Sensor networks embedded on structures, such as pipes, bridges, railways, aircraft wings and fuselage, among others, are required to transfer data related to the health of the structure. This data is typically sent to a central location where it can be processed, displayed, and analyzed. Typical Structural Health Monitoring (SHM) uses embedded ultrasonic transducers exclusively for non-destructive evaluation (NDE) purposes, whereas data transfer is performed over separate wireless radio frequency (RF) links. Ultrasonic systems, however, are also effective as a communication technology, and in fact may prove to have crucial advantages over RF-based sensor networks in certain scenarios.
NASA has great interest in methods and approaches for intelligent wireless monitoring of structural health and sensing in aircrafts. Wireless communications has been identified as a promising technology that could enable aircraft health monitoring in difficult to reach locations while reducing or eliminating the weight and logistical burden of using wires for sensing.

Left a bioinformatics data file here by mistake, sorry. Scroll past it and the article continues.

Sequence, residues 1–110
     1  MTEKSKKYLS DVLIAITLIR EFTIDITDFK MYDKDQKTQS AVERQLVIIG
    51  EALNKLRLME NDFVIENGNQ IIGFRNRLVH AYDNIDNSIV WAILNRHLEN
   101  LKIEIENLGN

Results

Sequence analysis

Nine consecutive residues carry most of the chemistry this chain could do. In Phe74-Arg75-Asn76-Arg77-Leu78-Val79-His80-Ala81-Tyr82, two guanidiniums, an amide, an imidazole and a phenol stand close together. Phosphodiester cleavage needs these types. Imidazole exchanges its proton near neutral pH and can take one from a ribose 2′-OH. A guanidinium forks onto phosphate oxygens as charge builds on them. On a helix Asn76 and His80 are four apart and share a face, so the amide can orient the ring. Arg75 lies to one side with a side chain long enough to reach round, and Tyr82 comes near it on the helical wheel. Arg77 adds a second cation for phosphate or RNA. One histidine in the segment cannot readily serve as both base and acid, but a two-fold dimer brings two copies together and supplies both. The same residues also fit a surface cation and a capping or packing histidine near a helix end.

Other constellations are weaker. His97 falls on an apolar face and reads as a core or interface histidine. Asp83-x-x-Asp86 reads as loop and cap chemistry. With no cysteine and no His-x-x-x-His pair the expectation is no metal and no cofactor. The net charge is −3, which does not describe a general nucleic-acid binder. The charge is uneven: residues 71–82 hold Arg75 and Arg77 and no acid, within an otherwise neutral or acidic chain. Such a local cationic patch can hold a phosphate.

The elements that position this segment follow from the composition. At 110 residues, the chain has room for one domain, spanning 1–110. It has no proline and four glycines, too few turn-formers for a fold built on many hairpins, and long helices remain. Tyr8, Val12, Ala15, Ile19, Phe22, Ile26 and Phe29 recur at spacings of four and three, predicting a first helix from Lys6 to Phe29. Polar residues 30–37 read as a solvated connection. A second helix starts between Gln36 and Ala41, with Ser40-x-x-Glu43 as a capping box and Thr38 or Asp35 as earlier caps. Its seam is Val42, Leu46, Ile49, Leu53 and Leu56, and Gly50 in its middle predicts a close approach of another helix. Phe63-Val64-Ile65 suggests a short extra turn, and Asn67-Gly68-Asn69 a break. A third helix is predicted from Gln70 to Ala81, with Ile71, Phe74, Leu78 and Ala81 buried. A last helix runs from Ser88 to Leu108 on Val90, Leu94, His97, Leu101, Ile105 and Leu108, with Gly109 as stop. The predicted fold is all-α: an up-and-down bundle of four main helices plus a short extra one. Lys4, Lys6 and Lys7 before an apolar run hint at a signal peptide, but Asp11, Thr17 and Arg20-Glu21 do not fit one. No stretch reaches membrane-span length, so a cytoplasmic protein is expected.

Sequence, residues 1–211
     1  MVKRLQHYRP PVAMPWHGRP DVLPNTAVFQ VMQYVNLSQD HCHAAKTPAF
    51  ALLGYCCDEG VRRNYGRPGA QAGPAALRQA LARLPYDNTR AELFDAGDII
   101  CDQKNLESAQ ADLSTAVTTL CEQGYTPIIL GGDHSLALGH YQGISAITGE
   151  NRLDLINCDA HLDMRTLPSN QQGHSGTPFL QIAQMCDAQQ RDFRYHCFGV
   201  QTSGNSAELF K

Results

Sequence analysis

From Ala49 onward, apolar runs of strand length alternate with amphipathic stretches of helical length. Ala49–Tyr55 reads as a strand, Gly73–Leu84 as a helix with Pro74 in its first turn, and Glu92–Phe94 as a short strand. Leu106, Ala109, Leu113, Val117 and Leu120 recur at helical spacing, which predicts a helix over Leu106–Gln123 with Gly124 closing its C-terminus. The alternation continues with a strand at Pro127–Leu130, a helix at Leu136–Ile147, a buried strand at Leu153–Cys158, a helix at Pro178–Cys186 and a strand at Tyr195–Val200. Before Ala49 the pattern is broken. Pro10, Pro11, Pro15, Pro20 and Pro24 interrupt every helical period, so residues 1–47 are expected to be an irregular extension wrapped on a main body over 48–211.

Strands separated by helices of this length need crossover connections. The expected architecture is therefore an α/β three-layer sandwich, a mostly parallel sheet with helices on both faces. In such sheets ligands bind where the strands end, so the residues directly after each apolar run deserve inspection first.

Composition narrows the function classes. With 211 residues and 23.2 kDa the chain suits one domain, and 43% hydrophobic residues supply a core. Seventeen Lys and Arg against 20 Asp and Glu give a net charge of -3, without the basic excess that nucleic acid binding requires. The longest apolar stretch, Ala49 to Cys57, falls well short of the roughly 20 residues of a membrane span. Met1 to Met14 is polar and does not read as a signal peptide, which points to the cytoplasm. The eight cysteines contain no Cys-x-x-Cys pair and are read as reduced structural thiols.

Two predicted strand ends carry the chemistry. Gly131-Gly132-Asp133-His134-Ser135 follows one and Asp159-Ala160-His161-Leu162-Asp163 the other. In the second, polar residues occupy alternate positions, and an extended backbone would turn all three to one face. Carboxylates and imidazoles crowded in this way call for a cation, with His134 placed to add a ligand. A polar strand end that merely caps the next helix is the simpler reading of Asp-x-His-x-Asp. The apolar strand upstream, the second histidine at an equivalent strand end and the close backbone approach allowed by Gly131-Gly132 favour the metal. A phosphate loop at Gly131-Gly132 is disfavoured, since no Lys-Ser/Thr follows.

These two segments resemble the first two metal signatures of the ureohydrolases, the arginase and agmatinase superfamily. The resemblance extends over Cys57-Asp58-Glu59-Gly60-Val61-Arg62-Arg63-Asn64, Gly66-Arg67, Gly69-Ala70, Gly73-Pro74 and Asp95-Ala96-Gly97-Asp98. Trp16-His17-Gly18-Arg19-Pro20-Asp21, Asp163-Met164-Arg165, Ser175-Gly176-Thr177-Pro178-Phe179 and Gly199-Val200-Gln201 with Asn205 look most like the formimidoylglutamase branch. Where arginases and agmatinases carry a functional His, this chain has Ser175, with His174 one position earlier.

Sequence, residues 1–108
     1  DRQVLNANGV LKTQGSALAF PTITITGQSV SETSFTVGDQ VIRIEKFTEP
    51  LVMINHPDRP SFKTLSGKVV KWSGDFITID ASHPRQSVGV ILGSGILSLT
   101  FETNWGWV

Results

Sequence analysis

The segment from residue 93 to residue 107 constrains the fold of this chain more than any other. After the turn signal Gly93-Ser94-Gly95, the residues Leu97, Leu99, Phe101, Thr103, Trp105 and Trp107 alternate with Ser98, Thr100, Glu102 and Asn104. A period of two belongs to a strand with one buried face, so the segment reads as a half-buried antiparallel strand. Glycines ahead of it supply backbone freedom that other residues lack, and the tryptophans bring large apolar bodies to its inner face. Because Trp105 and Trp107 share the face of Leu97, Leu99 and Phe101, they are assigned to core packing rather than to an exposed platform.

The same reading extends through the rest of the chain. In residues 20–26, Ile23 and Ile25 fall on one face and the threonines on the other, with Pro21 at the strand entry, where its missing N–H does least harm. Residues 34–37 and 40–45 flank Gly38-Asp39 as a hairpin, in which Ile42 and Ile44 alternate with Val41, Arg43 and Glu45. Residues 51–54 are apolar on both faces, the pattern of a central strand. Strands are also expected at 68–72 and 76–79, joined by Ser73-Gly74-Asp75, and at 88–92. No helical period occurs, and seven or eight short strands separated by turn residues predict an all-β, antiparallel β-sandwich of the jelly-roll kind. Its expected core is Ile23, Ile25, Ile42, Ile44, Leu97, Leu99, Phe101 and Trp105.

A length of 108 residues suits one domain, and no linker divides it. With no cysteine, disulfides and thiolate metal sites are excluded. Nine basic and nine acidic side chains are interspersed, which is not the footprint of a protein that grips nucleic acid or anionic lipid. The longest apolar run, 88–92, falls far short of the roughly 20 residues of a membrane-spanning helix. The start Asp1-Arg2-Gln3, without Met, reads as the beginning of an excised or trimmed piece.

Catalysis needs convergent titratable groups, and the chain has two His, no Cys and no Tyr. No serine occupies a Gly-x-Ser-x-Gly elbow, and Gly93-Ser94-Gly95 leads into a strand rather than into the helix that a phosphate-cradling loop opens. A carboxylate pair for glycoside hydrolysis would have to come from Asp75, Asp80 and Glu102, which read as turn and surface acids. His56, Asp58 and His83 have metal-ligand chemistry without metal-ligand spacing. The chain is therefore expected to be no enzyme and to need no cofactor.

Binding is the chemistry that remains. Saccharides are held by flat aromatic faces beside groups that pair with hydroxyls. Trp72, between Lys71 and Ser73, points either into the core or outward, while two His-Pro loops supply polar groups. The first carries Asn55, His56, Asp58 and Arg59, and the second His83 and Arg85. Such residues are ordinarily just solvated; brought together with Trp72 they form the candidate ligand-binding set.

We envision that the proposed system has many market applications in different industries such as exploration, defense, aviation, and civil and environmental engineering sectors. Other government agencies, including DoD, DOE, DOT will benefit from this technology. Wireless technologies for SHM and other applications are constantly being sought in many markets, especially those that require constant real-time monitoring of large structures.